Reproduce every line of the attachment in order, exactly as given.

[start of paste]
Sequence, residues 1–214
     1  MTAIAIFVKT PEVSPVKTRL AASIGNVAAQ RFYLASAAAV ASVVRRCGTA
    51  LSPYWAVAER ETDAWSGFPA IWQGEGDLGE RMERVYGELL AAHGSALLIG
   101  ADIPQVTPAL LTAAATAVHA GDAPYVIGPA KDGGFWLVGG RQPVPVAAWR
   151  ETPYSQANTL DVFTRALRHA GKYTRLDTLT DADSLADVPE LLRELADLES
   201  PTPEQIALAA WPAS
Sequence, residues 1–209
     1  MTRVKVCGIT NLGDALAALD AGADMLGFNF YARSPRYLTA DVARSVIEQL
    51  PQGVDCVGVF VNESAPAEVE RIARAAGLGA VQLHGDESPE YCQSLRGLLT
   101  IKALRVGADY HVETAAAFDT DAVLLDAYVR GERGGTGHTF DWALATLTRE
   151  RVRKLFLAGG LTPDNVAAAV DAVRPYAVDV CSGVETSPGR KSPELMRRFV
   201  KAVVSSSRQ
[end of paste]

Sequence, residues 1–214
     1  MTAIAIFVKT PEVSPVKTRL AASIGNVAAQ RFYLASAAAV ASVVRRCGTA
    51  LSPYWAVAER ETDAWSGFPA IWQGEGDLGE RMERVYGELL AAHGSALLIG
   101  ADIPQVTPAL LTAAATAVHA GDAPYVIGPA KDGGFWLVGG RQPVPVAAWR
   151  ETPYSQANTL DVFTRALRHA GKYTRLDTLT DADSLADVPE LLRELADLES
   201  PTPEQIALAA WPAS
Sequence, residues 1–209
     1  MTRVKVCGIT NLGDALAALD AGADMLGFNF YARSPRYLTA DVARSVIEQL
    51  PQGVDCVGVF VNESAPAEVE RIARAAGLGA VQLHGDESPE YCQSLRGLLT
   101  IKALRVGADY HVETAAAFDT DAVLLDAYVR GERGGTGHTF DWALATLTRE
   151  RVRKLFLAGG LTPDNVAAAV DAVRPYAVDV CSGVETSPGR KSPELMRRFV
   201  KAVVSSSRQ